Description (dumerilii): Males have 195 to 206 (198.9) and females have 208 to 220 (215.3) ventrals; subcaudals 49 to 53 (50.7) in males and 35 to 41 (37.2) in females. Examined: 685 males and 328 females, including the holotype.
A triad-type subspecies in which the black cap extends completely or almost completely over the parietals but is separated from the black nuchal band. The chin is heavily marked by irregular black spots. The black nuchal band is 6 to 11 dorsals long and 1 to 2 scales shorter ventrally. The black central band of the triads is 2 or more times as long as the irregular outer bands. The frequent lengths of the bands of the first full triad are 2-5-2 or 3-5-3 dorsals. Dorsally, the central black band is as long as ventrally or a little longer. The black outer bands are quite irregular dorsally and more so ventrally where they may be represented only by irregular black spots. The white bands are usually 1 dorsal and ventral long, except the first light band behind the black nuchal, which is usually 2 dorsals long. The white bands have irregular black-tipped scales. The red bands may be slightly longer or shorter than a complete triad, with irregular black tips on all dorsals, but ventrally they are usually immaculate. The black tail bands are 3 to 4 times as long as the white ones. The latter have very conspicuous black-tipped scales or a large black dorsal spot that at times fuses with the black bands.
The males have 2/3 7 to 2/3 10 (8.4) and the females have 2/3 9 to 2/3 13 triads. Males have 6 to 9 (8.4) and females have 5 to 7 (6.1) black tai! bands. (Roze 1996)
Description (antioquiensis): Males have 189 to 204 (194.6) and females have 210 to 217 (214.0) ventrals; subcaudals 47 to 57 (53.4) in males and 36 to 42 (39.4) in females. Examined: 20 males and 20 females, including the holotype.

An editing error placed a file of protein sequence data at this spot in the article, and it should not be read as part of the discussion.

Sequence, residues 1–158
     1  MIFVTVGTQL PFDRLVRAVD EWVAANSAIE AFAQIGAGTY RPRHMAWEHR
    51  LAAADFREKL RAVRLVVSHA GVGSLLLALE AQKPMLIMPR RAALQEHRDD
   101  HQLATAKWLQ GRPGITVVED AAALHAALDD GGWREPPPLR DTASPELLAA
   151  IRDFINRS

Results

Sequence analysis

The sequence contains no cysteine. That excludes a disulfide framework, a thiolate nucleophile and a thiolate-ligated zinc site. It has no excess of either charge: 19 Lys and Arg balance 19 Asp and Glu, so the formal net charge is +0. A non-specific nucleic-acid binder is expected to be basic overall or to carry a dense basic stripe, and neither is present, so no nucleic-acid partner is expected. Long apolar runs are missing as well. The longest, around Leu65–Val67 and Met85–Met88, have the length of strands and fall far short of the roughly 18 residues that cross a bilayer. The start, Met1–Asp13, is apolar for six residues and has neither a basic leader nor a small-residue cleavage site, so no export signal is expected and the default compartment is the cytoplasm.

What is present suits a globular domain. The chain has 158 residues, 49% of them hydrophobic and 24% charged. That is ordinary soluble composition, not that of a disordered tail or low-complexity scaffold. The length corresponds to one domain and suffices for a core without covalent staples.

A single-banded subspecies in which the black cap covers almost the entire parietals but the black nuchal band is either absent or reduced to a half band that is interrupted either dorsally or laterally. The chin is completely black or is light with large black spots on the genials and the gular region and with smaller black spots on other infracephalic scales. The impression of this subspecies is that it "moved" the black pigment from the dorsal black nuchal region forward onto the ventral part of the head. The black bands are 2 to 3 dorsals and 2 to 4 ventrals long. The white bands are reduced to Y2 dorsal and may be indistinct ventrally. The red bands are 8 to 12 dorsals and ventrals long, immaculate or with small dots concentrated along the borders. The black tail bands are only slightly longer than the white bands. The latter have scales with conspicuous black tips or large irregular black spots that fuse together in some specimens.
The males have 10 to 17 (12.5) black body bands, usually 11 to 13, and females have 13 to 16 (14.8). The males have 6 to 8 (7.0) and the female have 4 to 6 (5.2) black tail bands.
Description (carinicauda): Males have 192 to 197 (193.6) and females have 204 to 212 (208.2) ventrals; subcaudals 48 to 55 (51.0) in males and 33 to 42 (35.1) in females. Examined: 8 males and 11 females, including the holotype.
A single-banded subspecies in which the black cap covers most of the parietals or is reduced and covers about one half the length of the parietals. The chin is white with several black scales, usually the mental and the first infralabials. The black nuchal band is complete and 4 to 6 dorsals long. The white or yellow bands are Y2 to 1 dorsal and ventrallong. The red bands are 6 to 13 dorsals and ventrals long; the anterior bands are longer than the posterior bands and all red scales have regular black tips. The red bands are usually immaculate ventrally. The black tail bands are about twice as long as the white bands; the latter'have irregular black-tipped scales.
The males have 14 to 19 (17.1) and the females have 19 to 23 (20.7) black body bands. The males have 6 to 9 (7.7) and the females have 4 to 7 (4.9) black tai! bands. (Roze 1996)
Description (colombianus): Males have 179 to 192 (185.2) and females have 198 to 207 (203.5) ventrals; subcaudals 44 to 51 (47.1) in males and 31 to 37 (34.4) in females. Examined: 7 males and 4 females, including the holotype.